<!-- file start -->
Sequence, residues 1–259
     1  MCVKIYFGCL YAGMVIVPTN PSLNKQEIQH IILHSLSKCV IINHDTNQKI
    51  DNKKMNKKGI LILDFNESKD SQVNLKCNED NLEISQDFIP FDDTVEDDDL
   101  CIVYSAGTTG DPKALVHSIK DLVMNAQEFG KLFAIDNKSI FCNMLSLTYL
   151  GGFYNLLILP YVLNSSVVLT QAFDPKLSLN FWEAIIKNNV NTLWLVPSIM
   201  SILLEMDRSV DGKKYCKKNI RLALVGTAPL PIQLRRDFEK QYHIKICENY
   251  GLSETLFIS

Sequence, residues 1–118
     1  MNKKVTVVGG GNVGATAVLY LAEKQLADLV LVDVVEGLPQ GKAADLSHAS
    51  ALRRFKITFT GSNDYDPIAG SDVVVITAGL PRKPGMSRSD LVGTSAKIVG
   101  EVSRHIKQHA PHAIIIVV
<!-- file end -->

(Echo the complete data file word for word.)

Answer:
Sequence, residues 1–259
     1  MCVKIYFGCL YAGMVIVPTN PSLNKQEIQH IILHSLSKCV IINHDTNQKI
    51  DNKKMNKKGI LILDFNESKD SQVNLKCNED NLEISQDFIP FDDTVEDDDL
   101  CIVYSAGTTG DPKALVHSIK DLVMNAQEFG KLFAIDNKSI FCNMLSLTYL
   151  GGFYNLLILP YVLNSSVVLT QAFDPKLSLN FWEAIIKNNV NTLWLVPSIM
   201  SILLEMDRSV DGKKYCKKNI RLALVGTAPL PIQLRRDFEK QYHIKICENY
   251  GLSETLFIS

Sequence, residues 1–118
     1  MNKKVTVVGG GNVGATAVLY LAEKQLADLV LVDVVEGLPQ GKAADLSHAS
    51  ALRRFKITFT GSNDYDPIAG SDVVVITAGL PRKPGMSRSD LVGTSAKIVG
   101  EVSRHIKQHA PHAIIIVV